[1] Small-Scale Private Water Providers in Kenya: Pioneers or Predators? By Degol Hailu, Sara Rendtorff-Smith and Raquel Tsukada

[2] Services and Supply Chains: The Role of Informal Water Vendors in Dar es Salaam By Kate Bayliss and Rehema Tukai

[3] The Role of the Domestic Private Sector in the Delivery of Urban Water in Uganda: Contracts for Small Towns By Kate Bayliss and Sam Kuloba Watasa

To obtain copies of the case studies please contact:
Sara Rendtorff-Smith by e-mail: sara.rendtorff-smith@undp.org or by telephone: +1 212 906 6371.

Related web page: UNDP – Water Supply and Sanitation

Source: UNDP (2011). Urban water provision in sub-Saharan Africa: the role of the domestic private sector in accelerating MDG progress. (Issue brief, 15 Mar 2011). 2 p. Download full brief

Benchmarking local government performance on rural sanitation: learning from Himachal Pradesh, India

The Global Scaling Up Sanitation project of the Water and Sanitation Program (WSP) has developed a performance monitoring and benchmarking model to strengthen outcome-based management of the rural sanitation sector in India. This model has been adopted by the Government of Indian state of Himachal Pradesh.

A WSP learning note [1], published in April 2010, draws some preliminary lessons from using the benchmarking model:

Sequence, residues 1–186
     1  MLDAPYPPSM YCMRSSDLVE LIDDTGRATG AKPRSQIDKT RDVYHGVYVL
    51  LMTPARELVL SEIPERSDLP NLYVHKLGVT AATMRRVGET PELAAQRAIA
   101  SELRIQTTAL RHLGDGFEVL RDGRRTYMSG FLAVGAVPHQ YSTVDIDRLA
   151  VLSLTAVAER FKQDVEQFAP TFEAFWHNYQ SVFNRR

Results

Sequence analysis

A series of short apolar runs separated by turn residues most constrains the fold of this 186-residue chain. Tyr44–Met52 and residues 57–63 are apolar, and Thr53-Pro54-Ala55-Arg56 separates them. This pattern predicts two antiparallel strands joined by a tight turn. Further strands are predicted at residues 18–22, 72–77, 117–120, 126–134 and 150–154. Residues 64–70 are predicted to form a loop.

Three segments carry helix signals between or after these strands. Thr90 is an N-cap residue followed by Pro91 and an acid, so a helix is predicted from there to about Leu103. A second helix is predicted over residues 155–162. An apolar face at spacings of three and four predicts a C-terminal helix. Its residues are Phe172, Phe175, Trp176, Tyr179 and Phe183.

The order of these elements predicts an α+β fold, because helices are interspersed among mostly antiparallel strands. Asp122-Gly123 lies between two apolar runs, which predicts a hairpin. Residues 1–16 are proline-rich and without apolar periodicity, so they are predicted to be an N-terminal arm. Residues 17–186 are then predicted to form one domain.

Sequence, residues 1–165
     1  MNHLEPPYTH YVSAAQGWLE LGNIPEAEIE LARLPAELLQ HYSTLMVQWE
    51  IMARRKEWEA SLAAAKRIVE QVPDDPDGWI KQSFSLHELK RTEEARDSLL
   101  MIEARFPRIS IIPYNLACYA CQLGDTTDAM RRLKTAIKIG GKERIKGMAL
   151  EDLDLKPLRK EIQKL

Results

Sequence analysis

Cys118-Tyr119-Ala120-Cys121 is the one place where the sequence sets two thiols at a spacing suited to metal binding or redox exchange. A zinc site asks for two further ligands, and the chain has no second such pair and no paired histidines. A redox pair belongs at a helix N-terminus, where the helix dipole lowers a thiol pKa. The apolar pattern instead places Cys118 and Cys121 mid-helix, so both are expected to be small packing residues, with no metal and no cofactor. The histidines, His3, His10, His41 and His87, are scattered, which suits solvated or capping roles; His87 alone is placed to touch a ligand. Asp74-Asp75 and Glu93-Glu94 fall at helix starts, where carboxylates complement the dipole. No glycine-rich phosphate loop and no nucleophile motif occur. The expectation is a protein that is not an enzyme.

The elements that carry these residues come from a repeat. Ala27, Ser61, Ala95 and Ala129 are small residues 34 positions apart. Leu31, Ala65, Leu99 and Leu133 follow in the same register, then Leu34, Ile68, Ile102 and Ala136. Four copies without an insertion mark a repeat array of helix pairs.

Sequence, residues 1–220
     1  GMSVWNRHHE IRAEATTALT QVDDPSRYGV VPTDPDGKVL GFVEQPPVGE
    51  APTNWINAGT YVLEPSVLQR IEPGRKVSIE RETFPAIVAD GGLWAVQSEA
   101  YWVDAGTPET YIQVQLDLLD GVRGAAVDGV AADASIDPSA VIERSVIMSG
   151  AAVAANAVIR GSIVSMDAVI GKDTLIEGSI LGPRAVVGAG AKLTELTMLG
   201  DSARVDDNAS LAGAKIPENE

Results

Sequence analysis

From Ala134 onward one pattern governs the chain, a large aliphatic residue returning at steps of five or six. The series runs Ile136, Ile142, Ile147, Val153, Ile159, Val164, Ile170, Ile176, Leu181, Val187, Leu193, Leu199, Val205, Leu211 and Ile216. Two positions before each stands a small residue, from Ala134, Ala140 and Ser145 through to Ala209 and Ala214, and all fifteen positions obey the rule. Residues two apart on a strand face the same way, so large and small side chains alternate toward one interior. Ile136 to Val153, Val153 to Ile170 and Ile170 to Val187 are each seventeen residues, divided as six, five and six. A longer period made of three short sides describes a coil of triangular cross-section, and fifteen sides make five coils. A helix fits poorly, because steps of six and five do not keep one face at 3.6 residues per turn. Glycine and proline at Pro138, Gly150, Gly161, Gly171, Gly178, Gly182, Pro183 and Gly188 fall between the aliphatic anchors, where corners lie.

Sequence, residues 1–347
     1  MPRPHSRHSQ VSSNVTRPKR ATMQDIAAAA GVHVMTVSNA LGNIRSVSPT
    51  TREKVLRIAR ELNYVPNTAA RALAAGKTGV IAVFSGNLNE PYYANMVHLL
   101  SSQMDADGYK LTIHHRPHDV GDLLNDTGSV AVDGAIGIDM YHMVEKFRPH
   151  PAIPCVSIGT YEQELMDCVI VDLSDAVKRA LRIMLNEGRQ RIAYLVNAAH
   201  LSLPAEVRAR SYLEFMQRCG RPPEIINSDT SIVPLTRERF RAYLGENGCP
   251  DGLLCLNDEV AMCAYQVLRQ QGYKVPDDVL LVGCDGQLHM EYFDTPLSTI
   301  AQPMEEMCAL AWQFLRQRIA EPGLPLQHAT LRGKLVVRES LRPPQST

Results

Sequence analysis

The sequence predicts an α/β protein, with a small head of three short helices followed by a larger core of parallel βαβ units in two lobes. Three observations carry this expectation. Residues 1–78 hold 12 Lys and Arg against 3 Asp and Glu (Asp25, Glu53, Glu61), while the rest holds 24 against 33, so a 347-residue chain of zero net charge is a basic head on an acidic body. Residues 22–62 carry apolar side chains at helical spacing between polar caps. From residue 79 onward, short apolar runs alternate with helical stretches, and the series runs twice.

• Performance benchmarking enables districts to understand their performance and motivates them to improve. It helps to flag areas of strength, areas that need improvement, and linkages between them
  • Through performance benchmarking, inputs, outputs and processes can be linked to outcomes in monitoring rural sanitation sector performance in India
  • The use of performance benchmarking weighted scoring is designed to put heavier emphasis on, and therefore encourage, achievement of outcomes
  • Benchmarking should enable policy makers and nodal agencies to monitor performance on a rational basis and thereby channel resources and efforts on the basis of identified strengths and weaknesses
  • The comparison of performance provides an incentive to be on the “top of the league table”
  • Periodic monitoring helps to flag gaps in data accuracy and timeliness of data reporting
  • Benchmarking needs to be linked to an incentive in order to drive performance improvement

[1] Kumar, C.A. and Singh, U. (2010). Benchmarking local government performance on rural sanitation : learning from Himachal Pradesh, India. (WSP learning note). Washington, DC, USA, Water and Sanitation Program. 5 p. : 3 fig., 2 tab. Read the full note

Related web site: WSP – Global Scaling Up Sanitation